public debt from this social-democratic phase. The project initially began by Papandreou
in order to gain popularity for his fledgling party became deeply entrenched in the Greek
political culture as PASOK continued to hold office. The rival ND party, when it came to
power, continued this rather convenient path to popularity after unsuccessful attempts at
re-establishing fiscal order.
The lack of political, combined with the inefficient tax system and the gradual
decrease of European adjustment funds accentuated the problem, and government debt
level soared to a rate of around 100 percent GDP as of 1998. When the world-wide
recession hit Greece, revenues from shipping and tourism slumped and so did the flow of
cheap credit. The revised Eurostat release revealed 2009 deficit level of 15.4 pecent GDP
and public debt at 127 percent, a level that is clearly unsustainable.

Levy PPB 124 2012
2.2 Spain and the housing bubble
The Spanish problem is more about private debt. A housing bubble supported the
Spanish economy, bringing about wealth effects that were too good to be true. The low
interest rates guaranteed by membership into the eurozone certainly contributed to the
bubble, but just as in Greece the Spanish government played a large role in bringing
about and sustaining the housing bubble. Economic policy based on house ownership
dates back to the Franco dictatorship following the Spanish Civil War. Democracy was
installed when Franco died, but the Gonzlez government continued to use the housing
boom to relaunch the Spanish economy during the recession that overlapped with the
dictators death. A sustained increase in housing prices stimulated consumption and
demand, eliminating the need for significant development in the industrial sector where
had Spain become less competitive, and the Gonzlez government explicitly intervened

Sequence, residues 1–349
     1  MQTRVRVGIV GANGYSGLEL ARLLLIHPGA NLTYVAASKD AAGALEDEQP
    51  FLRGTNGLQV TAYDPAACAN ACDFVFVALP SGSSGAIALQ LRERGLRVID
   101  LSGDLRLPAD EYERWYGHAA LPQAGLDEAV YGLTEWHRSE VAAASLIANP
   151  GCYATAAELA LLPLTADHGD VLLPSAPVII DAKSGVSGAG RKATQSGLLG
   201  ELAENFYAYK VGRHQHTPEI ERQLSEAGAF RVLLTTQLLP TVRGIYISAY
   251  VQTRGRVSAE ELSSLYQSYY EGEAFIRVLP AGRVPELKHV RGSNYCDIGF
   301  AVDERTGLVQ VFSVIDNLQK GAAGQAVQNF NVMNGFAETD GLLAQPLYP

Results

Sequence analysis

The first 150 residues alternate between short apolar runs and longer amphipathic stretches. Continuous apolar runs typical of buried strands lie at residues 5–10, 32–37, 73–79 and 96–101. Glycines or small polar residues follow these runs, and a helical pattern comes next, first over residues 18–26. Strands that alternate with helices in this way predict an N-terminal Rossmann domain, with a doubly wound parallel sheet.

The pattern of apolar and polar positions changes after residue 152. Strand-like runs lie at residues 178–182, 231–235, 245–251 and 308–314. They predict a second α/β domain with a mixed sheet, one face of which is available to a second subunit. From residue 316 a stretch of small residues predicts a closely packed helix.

in the economy to make sure housing supply continued to increase. The 1998 Land Act,
for instance, the build anywhere law, helped speed up the process of obtaining building
permits; tax relief programs and successive reforms of the mortgage market made home-
buying more affordable; large investments in transportation infrastructure generated new
areas of market value; and a lax environmental policy also posed less obstacles to
urbanization. This policy brought about a growth rate of nearly 4 percent every year from
1995, and the Spanish dynamism was often an object of admiration.
The highly decentralized nature of the Spanish administration also posed
problems. Spain is composed of seventeen Autonomous Communities, and each
community has the authority to administer a large portion of public finds and interpret
laws in its own way. As regions competed with each other for the highest growth levels,
regional governments voluntarily advertised to private investors the benefits of investing
in housing, an asset whose price rose at an average of 12 percent per year; these
communities even earned important revenues for themselves by re-zoning Greenfield
sites for urban development. The rising property values came to supplement an under-
funded pension system as a guarantee of income in old age, and the Spanish government,
made no particular effort to tame the bubble. The housing stock increased by 220 percent
during 1997 and 2007, and the global meltdown generated a massive blow in the
construction industry that once contributed to one tenth of GDP in 2007. Spanish
indebtedness rose to 84% of GDP.
The collapse of the housing sector created the twin problems that the Spanish
government faces today. Most importantly, the fall of the construction industry and
household default on mortgage payments brought banks to the brink of bankruptcy.